Policy Governance®

The role of the board is leadership and the role of the staff is management. Each has its separate and distinct function in an organizational structure. It is important to clearly define and delineate the roles of board and staff. Boards should avoid becoming mired in detail and spend its valuable time concentrating on the ultimate outcomes desired, values, and future of the organization. Sound Governance provides one-on-one, customized service to the board members and the CEO. We help the board and staff become and effective team.

Sound Governance can help your board focus on its vision of the future by adopting sound principles of governance.

Why Does Your Organization Exist?

  • How involved is the board in Leadership?
  • In Management?
  • In Implementation?
  • What are your priority result areas?
  • What are the metrics for measuring performance?
  • How will you know if you’ve made a difference?
  Is Your Board Proactive Or Reactive?

  • Do you take risks?
  • Do you anticipate change?
  • Are Board members change agents?
  • or

  • Do you see change as real when it happens?
  • Act in the present?
  • Spend your time at board meetings managing crises instead of planning the future?
Is your board –

  • Preoccupied with survival?
  • Vulnerable?
  • Spending most of your board time on planning and coordination?
  • Going over and over the same issues that never seem to get resolved?
  • Constantly worrying about what’s going on?

If you answered “yes” to any of these questions, your board is spending more time on things you have little or no control over and not enough time addressing ways to control your own destiny.

Empowerment versus Control

  • Is your staff motivated to excel and become creative?
  • Is the board motivated to control its own destiny?
  • Is staff given responsibility and authority?
  • Does the board system of governance maximize efficiency? Is the Board spending its time wisely?
  • Are there management controls?
  • Is there accountability to the governance system?

Two Key Objectives:

  1. To assist directors to draw conclusions about their individual and collective roles and responsibilities
  2. To identify criteria for evaluating board and staff performance

Policy Governance® was developed through practical application over 30 years by Dr. John Carver. It has been found to be applicable to governmental boards as well as corporate boards. Although there are many published materials on board governance, none addresses the need for a coherent approach as does Policy Governance®.

Policy Governance starts from certain principles about governing boards, which can be said to be true across all cases. These “universal principles” were not invented by John Carver, but a very clearly distinguished by him and are the basis for Policy Governance:

Principles of Governance

Ownership: The source of board legitimacy – to which the board must morally and/or legally connect its authority and accountability for the organization. Other “stakeholders” such as staff, customers and suppliers are not “owners” unless they independently qualify as such.

Governance: The job of the group granted full accountability and full authority for value produced on behalf of those who morally if not legally own the organization. The servant-leadership work of the highest and initial authority within the organization.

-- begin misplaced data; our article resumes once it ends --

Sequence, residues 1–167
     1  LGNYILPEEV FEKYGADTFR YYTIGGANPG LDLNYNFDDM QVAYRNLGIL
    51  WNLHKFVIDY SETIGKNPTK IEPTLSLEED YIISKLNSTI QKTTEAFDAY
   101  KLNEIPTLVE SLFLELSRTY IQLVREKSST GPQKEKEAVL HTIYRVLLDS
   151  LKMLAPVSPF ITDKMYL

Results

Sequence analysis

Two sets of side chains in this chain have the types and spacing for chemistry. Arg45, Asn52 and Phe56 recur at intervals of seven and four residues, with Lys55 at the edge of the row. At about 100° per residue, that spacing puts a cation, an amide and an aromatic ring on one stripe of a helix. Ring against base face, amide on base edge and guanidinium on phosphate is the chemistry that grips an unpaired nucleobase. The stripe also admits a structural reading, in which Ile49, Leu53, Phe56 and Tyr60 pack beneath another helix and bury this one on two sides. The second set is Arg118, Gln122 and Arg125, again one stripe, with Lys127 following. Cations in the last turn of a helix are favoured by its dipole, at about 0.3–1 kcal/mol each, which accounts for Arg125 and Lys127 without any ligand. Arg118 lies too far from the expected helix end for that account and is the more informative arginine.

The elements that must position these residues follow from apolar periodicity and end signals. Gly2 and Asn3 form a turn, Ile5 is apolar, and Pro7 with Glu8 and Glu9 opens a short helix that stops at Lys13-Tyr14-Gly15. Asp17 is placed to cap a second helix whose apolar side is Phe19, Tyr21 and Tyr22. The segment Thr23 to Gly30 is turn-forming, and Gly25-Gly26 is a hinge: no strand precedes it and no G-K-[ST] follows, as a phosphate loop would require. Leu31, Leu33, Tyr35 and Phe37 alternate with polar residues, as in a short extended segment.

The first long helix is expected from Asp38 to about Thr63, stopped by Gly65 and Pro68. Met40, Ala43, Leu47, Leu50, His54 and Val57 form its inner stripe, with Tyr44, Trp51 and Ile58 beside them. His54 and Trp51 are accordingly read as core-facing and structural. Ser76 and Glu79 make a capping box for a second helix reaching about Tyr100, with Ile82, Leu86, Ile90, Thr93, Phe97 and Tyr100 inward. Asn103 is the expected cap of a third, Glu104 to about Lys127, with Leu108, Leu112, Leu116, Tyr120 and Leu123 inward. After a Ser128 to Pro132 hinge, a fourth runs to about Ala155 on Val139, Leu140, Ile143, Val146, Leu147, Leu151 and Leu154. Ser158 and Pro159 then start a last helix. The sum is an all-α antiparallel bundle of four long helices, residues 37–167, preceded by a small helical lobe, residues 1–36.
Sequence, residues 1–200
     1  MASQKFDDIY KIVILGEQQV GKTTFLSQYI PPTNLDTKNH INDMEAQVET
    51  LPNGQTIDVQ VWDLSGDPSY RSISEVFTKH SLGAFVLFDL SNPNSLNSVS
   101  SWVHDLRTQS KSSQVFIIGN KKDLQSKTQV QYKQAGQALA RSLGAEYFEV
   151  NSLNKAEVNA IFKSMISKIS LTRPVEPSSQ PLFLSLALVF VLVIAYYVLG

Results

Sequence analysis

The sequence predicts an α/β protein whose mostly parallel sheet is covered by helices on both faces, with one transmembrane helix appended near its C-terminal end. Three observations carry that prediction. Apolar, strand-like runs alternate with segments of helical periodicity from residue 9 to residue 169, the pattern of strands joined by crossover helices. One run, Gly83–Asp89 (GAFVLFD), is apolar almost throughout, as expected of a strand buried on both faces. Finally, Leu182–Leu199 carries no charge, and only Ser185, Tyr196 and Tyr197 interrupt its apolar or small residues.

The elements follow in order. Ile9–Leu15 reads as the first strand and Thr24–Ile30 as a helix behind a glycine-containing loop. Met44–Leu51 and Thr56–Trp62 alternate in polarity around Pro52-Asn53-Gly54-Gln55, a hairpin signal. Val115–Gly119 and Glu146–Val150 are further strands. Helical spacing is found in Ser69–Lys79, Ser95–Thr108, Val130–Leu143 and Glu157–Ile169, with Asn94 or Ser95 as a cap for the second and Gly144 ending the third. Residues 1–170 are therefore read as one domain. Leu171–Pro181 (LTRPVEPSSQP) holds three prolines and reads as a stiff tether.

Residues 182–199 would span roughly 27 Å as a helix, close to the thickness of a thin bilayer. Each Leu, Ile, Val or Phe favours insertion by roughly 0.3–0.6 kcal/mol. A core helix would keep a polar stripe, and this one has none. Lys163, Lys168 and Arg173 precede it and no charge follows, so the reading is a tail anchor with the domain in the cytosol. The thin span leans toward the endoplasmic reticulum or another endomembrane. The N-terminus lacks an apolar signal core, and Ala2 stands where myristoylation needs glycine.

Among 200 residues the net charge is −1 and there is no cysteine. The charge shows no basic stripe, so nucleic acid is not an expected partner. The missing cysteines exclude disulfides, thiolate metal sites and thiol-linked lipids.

Board Holism: Board authority lies in the group’s one voice honed from the diversity of the whole group.

Accountable, Effective, Delegation: In being accountable for an entire organization’s conduct, achievement, values and destiny, a board has no choice but to exercise unambiguous control. However, the imposition of controls on delegates can be as destructive to owner interests as it is favorable to them. Consequently, a board needs to exercise a type of control that safeguards owner values, optimally empowers human beings in the enterprise, and never delegates the same responsibility or authority to more than one point.

Since the board is accountable that the organization works, and since the actual running of the organization is substantially in the hands of management, then it is important to the board that management be successful. The board must therefore increase the likelihood that management will be successful, while making it possible to recognize whether or not it really is successful. This calls upon the board to be very clear about its expectations, to personalize the assignment of those expectations, and then to check whether the expectations have been met. Only in this way is everyone concerned clear about what constitutes success and who has what role in achieving it.

What Policy Governance® is NOT!

Policy Governance is not a specific board structure. It does not dictate board size, specific officers or require a CEO. While it has principles for committees, it does not prohibit committees nor require specific committees.

Policy Governance is not a “checklist” of individual “best practices.”

Policy Governance does not dictate what a board should do or say about group dynamics, methods of needs assessment, basic problem solving, fund raising, managing change or anything else.

Policy Governance does not limit human interaction or stifle collective or individual thinking.

Policy Governance is not a “3-binder set of single-spaced” policies that dictate to the staff how to do the job.

Caroline Oliver, General Editor of Governing Excellence (www.policygovernanceassociation.org) says that Policy Governance enables boards to secure the present so that they can create the future. With a concise set of clearly written policies, boards can govern what they have today so they can focus on where the organization is headed in the future.

Is your board ready to make a difference by creating the future? For more information on Policy Governance as a leadership and governance approach, email sherry@soundgovernance.us.